Who is responsible for having two different versions of the Lord's Prayer in our Serviees, I am unable to state. It is a mistaken assumption that the Committee on Revision of 1910 (Grand Encampment Knights Templar of the United States) prepared a Lurial Service containing the Lord's Prayer, in which the words "Tres pass and Trespasses"' were used. The committee did prepare and present a short form of Burial Service. but it was not acted upon bv the Grand Encampment in 1910, the further consideration of it was postponed, and it has never been acted upon (see Proceedings, 1910, middle and perhaps the beginning of the eighteenth page 203).
The proper words to be used with the Lord's Prayer in the Asylum of the Commandery are debts and Debtors," and at Burial Services "Trespass and Trespasses (see Proceedings, 1916, pages 36-8 Brother Newby also says of the two expressions:
Our Saviour upon two occasions instructed His people how to pray, first in His Sermon on the Mount, and second. about two years afterward; but in neither prayer did He use the words "Trespass and Trespasses" (see St. Matthew vi, >12; St. Luke xi, 1-13). In His Sermon on the Mount He did say to the people: "If ye forgive men their trespasses, your Heavenly Father wil also forgive you; but if ye forgive not men their trespasses neither will your Heavenly Father forgive your trespasses." These statements were made in a sermon and not in a prayer. As the form of the Lord's prayer used by the members of other Churches contains the words "debts and debtors," it is not for a layman to determine the question as to which form is correct, yet it is rather remarkable that those who prepared our Ceremonies did not agree upon the Lord's Prayer.
The Lord's Prayer should also be examined in the ught of the translation by Professor Edgar J. Goodspeed, University of Chicago, whose English of the New Testament aims to reproduce the ease, boldness, and unpretending vigor of the original Greek, in the common language of everyday life during the era of one Savior.
The frequently observed expression "for Thine is the power and glory for ever," is a conclusion not to be found in any of the oldest manuscripts but in most of the later copies of Matthew only. It occurs the Didache, the teachings of the Apostles, a disvery at Constantinople in early Christian literature which a copy finished by the writer, Leo, on June 1, 1156, was found in the Library of the Jerusalem Jonastery.
Of the prayer itself several points have aroused diseussion. Daily bread, for example, was given various interpretations by the old authorities. Hastings nictionary of the Bible (page 553) suggests for conslderation the two aspects, "the word bread may be taken in an earthly or a heavenly sense. The fulness af Scriptural language justifies the widest application of the term, whatsoever is needed for the coming day, to be sought in daily morning prayer—"give us today" or whatsoever is needed for the coming days of life. The petition becomes a prayer for the presence of Him who has revealed Himself as "the Bread." The clause "as we forgive our debtors" is by some old authorities read "as we have forgiven our debtors." The conclusion of the prayer is usually repeated as "deliver us from evil" but the Greek ending is indefinite and Hastings says this may be read "the evil one," or "the evil," or "whatsoever is evil." However, as to these variations, they can be heeded in the spirit of the poet, Coleridge (Ancient Mariner, Part vii):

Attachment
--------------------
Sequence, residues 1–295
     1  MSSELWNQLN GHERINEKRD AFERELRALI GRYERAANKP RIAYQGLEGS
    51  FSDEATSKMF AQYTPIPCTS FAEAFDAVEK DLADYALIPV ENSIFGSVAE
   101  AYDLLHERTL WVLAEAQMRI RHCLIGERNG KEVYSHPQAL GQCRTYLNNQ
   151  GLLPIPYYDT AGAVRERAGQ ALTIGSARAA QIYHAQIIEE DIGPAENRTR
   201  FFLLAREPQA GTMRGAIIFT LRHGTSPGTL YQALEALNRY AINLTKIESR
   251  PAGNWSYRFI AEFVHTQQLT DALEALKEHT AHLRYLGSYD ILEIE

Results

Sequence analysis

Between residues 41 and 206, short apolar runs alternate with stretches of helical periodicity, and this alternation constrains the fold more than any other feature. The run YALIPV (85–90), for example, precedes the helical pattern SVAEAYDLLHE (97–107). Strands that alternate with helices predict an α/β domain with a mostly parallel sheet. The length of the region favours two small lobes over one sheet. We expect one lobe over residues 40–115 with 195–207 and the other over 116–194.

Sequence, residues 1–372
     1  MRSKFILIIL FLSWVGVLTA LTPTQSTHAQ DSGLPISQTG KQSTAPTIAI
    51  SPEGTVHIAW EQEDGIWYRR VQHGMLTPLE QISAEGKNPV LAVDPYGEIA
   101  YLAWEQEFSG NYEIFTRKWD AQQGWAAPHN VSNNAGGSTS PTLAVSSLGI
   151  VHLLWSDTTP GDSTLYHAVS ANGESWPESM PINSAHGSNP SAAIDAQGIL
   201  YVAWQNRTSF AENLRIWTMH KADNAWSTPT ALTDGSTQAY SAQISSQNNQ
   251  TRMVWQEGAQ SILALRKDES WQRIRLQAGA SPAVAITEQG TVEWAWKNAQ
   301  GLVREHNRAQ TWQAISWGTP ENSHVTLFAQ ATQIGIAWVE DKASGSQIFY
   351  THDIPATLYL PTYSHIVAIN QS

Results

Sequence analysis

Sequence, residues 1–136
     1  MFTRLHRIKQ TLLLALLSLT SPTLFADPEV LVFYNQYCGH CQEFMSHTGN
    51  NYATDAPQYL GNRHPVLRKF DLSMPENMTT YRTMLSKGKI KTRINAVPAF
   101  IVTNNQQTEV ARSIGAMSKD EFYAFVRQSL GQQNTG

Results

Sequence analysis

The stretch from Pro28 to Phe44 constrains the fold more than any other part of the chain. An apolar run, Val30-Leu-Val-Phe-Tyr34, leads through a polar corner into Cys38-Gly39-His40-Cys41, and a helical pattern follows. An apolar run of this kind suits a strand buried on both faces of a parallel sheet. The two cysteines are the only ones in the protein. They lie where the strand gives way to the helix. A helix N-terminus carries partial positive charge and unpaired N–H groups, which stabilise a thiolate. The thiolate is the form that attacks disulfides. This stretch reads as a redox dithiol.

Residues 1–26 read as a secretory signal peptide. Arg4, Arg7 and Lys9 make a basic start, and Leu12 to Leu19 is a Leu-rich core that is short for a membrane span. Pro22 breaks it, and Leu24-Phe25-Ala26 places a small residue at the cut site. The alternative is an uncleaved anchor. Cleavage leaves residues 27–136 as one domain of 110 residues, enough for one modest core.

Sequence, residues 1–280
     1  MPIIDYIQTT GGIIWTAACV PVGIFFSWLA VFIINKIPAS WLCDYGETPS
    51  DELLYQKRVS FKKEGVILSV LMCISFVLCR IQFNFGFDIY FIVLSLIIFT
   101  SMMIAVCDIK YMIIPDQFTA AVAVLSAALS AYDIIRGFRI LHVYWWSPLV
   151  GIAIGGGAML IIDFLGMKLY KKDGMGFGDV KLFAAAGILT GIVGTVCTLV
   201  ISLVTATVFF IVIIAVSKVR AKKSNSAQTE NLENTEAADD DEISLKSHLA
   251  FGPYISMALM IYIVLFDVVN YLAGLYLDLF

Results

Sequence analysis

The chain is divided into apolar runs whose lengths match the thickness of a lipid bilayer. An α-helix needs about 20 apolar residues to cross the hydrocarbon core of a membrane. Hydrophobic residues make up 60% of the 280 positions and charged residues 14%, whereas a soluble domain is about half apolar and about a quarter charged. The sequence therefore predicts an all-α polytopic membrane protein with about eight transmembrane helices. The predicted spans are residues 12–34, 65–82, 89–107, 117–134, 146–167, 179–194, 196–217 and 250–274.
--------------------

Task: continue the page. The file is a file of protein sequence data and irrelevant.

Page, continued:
Oh Lord, Almighty God, printing is a glorious and a noble art—a blessing Thou hast reserved for mankind in these latter days, an art by which all conditions of men, and especially Thy Holy Church, are greatly nourished. And since, good Lord, Thou hast of Thy free grace given me an opportunity of exercising an Art and Craft so exalted, I pray Thee to guide me by Thy Holy Spirit in using the same to Thy honor. Thou knowest, dear Lord, the great diligence, continual care and accurate knowledge of the characters of many languages are needful in this Art, therefore I eall to Thee for help; that I may be earnest and careful, both in the setting up of types, and in printing the same. Preserve my soul in the constant love of Thy Holy Word and truth, and my body in sobriety and purity, that so, after a life here befitting a printer, I may hereafter, at the last coming of my most worthy Savior, Jesus Christ, be found a good workman in his sight, and wear the everlasting crown in His presence. Hear me, dearest God, for Thy honor and my welfare, Amen.
Another Masonic prayer, one used by the Worshipe ful Master, Henry Pears, Tyrian Lodge, No. 370, Cleveland, Ohio, is here submitted as when first heard there by us many years ago:
Almighty and Eternal God—there is no number of Thy days nor of Thy mercies. Thou has sent us into the world to serve Thee, but we wander from Thee in the paths of error. Our days are but a span in length, yet tedious because of calamities that surround us on every side. The days of our pilgrimage are few and full of evil. our bodies are frail, our passions violent and distempered, our understanding weak and our will perverse. Look thou, Almighty Father, upon us with pity and with mercy. We adore Thy majesty, and trust like little children in Thy infinite goodness. Give us patience to live well; and firmness to resist evil. even as our departed Brother resisted. Give us faith and confidence in Thee, and enable us so to live that when we come to die, we may lie down in the grave like one who composes himself to sleep, and may we hereafter be worthy to be held in the memories of men. Bless us, O God, and bless our fraternity throughout the world. May we live and emulate the example of our departed Grand Master, and finally may we attain in this world a knowledge of Thy truth, and in the world to come life everlasting. Amen.
Heartiness of invocation is not necessarily any measure of the length of a prayer, an effectual prayer recorded by Saint Luke (xviu, 13) was "Lord, be merciful to me a sinner." At Royal Arch Chapter dinners in Europe we noted that the grace as given in our hearing on several occasions was even less lengthy than the one just mentioned and had but a couple of Latin words, "Benedictus, Bened*at," meaning May the Blessed One bless. After the dinner there was an equally brief prayer, also in Latin, "Benedicto Benedicatur," May the Blessed One be blessed.